The automotive world is full of great packages, in fact almost every manufacture has a great combo that creates a fan base world wide, Think the RB26 from Nissan, matched up with one of the most advanced (for its time) 4WD systems and a strong chassis made the Godzilla feared around racetracks and roads world wide. The same can be said for the 2JZ motor out of the toyota camp, it is widely known that you can drive to the track and run a low 11 second pass, then drive home with ease. Over the past 5-7 years we have noticed the price of these motors increasing as the popularity of engine swaps increase, we are finding Supra motors in everything from 6 second drag cars to “Seen better days” drift cars, the same can be said for every “hero” motor from the car builders world wide. Don’t even get us started on LS swaps. Not wanting to be left out of the engine swap craze, We wanted to build something that would make people rethink what can really be done with the right setup – planning and be stupid enough to even attempt it. First we needed a car, Luckily there was an EG civic in Canary yellow sitting in our garage that was used as a suitcase/surfboard rack amongst other things. Meet “Big Yella” a 1992 Honda Civic Breeze, This bad boy has a 1.3L carby (yeeeess) a bright and yellow three-door hatch with a 1.3-litre single overhead camshaft, carburetor fed four-cylinder engine that managed to produce 55 kW at 6000 revs. It had a five-speed manual gearbox and power steering was standard. Due to its colour we got it for a great price of $500.00 with a bit of rego, Perfect base car to create something cool that can drive on the road, but still have fun at the track/drag strip/ hill climb or a Sunday cruise. As you can see, Big yella was a hit, often hanging out at the track with his mates… They are a basic car inside and out, but that gives us plenty of room for activities. Not alot of room behind the rear seats, and as you can see there is no car behind the back wheels at all. This is common in a lot of Bum draggers. The EG civic is a very popular choice for enthusiasts or for a first car for a couple of reasons, They are a simple car to pull apart and put together, small, light and great on fuel. We drove this car for 3 months and it cost on average around $50.00 a fortnight in fuel. Things were about to change though, We knew that the 1.3l Motor was coming out but we just not sure what to put in. There are many options for engine swaps so we looked at 3-4 in great detail: B16a is a bolt in upgrade, good power for the money, you will see around 118klw at the flywheel which is more than double the current power. B18c is still probably the most popular upgrade for EG-EK civics, a quick google search will show you that these motors are strong as hell and with 138klw, an LSD and VTEC it is a great option if you want to create a good base car. Now these motors don’t mind a bit of forced induction once and a while, there are plenty of turbo kits out there for them, builds in the US have seen more than 800HP out of a B18c K20/24 is the current flavour of the month, and for good reason, with such a big motor under the bonnet you have heaps of torque to play with around town but can also unwind its legs on the track, in N/A form they have been seen to lap Wakefield Park in Sub 1:05 which is lightning quick. still on the expensive side as you could probably get a b18c and a basic turbo for a good tuned K20. so we pondered… which motor do we pick, if any. Should we have bought a awd or rwd car if we want to be fast at the track? We sat at the pub one night throwing stupid ideas at each other about what we should do the to car. Que Daniel from Impossible Fabrications, who has been known to think outside the box sometimes. ” If we are going to build a car, why not do it right and create a RWD platform around the civic”. Now we all thought he was joking, but he got a weird look in his eyes and got the tape measure out. After 30mins in the car park, he came in with a cheeky grin on his face, and utters 5 simple words to us “same wheelbase as a Silvia” Now this couldn’t be true, he must of had 1 too many, so we came out to the car park and brought a friends S15 and parked it next to it. Wow, the Civic is longer than an S15 by around an inch. So this got us thinking… could we really drop an SR20 into this little civic? what parts would we need, Front end, rear end, motor, computer, the list goes on. We hunted the internets for a month or so and came up with 3 builds across the world with had the same stupid idea we had. 1 was a full track car with a tube front end, another one was a newer model with more room than us, the 3rd one was never finished… hmmm not very promising. We then stumbled across a build in Japan that used an F20c (S2000) and a s13 rear end. These guys wanted to build a drift car with some parts they had in the workshop. With the longer wheelbase it looked very stable mid corner and a hell of alot of fun, So it was possible, we decided that this was the motor for us.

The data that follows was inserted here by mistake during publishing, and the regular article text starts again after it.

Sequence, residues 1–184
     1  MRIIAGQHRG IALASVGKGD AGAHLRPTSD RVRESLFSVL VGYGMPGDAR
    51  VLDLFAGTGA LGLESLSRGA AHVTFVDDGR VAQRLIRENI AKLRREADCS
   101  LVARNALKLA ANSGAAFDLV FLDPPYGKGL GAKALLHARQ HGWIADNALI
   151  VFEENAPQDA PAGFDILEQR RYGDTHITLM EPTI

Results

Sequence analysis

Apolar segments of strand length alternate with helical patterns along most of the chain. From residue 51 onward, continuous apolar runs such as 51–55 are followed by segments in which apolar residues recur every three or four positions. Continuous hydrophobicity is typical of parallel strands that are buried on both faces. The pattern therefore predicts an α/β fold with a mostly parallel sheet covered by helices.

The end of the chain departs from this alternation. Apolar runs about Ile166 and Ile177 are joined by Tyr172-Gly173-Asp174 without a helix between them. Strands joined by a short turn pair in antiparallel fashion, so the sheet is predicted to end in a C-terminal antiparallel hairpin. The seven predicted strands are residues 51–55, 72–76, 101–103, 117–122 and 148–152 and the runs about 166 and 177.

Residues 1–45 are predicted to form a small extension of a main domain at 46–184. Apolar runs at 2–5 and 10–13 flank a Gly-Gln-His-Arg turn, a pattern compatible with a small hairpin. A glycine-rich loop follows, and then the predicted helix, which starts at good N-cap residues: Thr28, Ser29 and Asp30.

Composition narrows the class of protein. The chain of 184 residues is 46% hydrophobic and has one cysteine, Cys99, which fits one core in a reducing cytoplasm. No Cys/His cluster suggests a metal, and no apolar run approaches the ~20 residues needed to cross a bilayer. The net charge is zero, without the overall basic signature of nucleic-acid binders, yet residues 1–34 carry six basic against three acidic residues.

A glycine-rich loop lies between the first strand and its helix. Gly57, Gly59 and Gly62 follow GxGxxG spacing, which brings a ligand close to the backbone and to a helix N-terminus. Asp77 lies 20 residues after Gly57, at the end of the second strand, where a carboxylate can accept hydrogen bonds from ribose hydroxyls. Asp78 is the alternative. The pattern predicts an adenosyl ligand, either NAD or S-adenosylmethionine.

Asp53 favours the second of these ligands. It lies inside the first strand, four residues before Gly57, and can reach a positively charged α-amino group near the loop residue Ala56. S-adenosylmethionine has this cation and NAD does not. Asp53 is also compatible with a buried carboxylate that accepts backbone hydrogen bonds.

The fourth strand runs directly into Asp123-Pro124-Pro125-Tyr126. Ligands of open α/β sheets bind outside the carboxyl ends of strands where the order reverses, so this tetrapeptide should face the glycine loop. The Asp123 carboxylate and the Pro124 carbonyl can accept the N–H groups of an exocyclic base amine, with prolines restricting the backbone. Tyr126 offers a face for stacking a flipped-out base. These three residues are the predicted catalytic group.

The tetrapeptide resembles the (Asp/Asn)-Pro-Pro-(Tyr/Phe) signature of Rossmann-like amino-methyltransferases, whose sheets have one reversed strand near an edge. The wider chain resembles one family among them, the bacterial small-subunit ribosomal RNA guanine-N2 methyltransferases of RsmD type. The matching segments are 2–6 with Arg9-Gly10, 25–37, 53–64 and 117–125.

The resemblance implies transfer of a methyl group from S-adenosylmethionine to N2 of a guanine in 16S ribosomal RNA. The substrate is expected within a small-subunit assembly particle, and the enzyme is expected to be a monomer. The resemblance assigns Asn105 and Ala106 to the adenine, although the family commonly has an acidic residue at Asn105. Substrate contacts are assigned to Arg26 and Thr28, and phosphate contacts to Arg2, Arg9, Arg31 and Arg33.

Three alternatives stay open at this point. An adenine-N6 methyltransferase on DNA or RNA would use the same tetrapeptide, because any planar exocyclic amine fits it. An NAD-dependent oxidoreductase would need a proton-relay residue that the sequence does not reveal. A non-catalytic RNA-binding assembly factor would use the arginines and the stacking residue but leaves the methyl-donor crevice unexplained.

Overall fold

SR20 RWD civic concept was born. While Daniel started sharpening his hacksaw, we had to find a doner car. With the S13 becoming a bit old and still having a 4 stud hub our aim was to find an S14 or 15 that had been written off without too much damage to the front or rear end. Surprisingly enough there are plenty out there, in fact we had 5 different cars to chose that were cheaper than buying a B18c motor from a wrecker, all within a 2 week search. We ended up finding a very clean 72,000km Jap sepc S15, dead stock, with a nice set of wheels and some Cusco suspension. The car was in great shape besides the rear end, the owner had sold most of the panels off the front which was fine as we didn’t need them, the motor was untouched and looked in good condition. Only one way to find out though. The more we stripped the more the story of this car came to light, the Gearbox, never been out, sump, never been off, turbo never been off. It is a rare thing to find when buying a second hand Japanese import, but i think we found ourselves a Gem. Well i guess this is happening then… Time to keep stripping, the main parts we wanted to get out of this car was the complete front end including suspension, front cross members, power steering, brakes, hubs, etc. The easiest way was to pull it all out as one piece. We also needed the compete rear end, again in one section makes it easier to see how crazy we really are. One of the most time consuming jobs was to remove the compete wiring loom in the S chassis, the civic will run complete S15 wiring, with the only Honda wires controlling the headlights and tail lights. Here we have the main parts for the build, Front end (held together for now with bracing), Engine and gearbox which is about to get the life cleaned out of it, Rear end still sitting in Cradle. Although the civic is longer we kept the drive shaft just in case we could use it, if not a custom length drive shaft was needed, (one of a few custom parts). With a case of beer and a few mates, we had the car stripped to a shell in 1 night, that was the only easy bit done. From now on in it is going to get interesting. Stay tuned for our next installment on stripping the Civic and fitting the front cradle in. An interesting step is that Impossible Fabrications are using the Strut towers (front and rear) out of the S15, This car will feel and drive very similar to an S15 on the track, BUT is around 350kg lighter.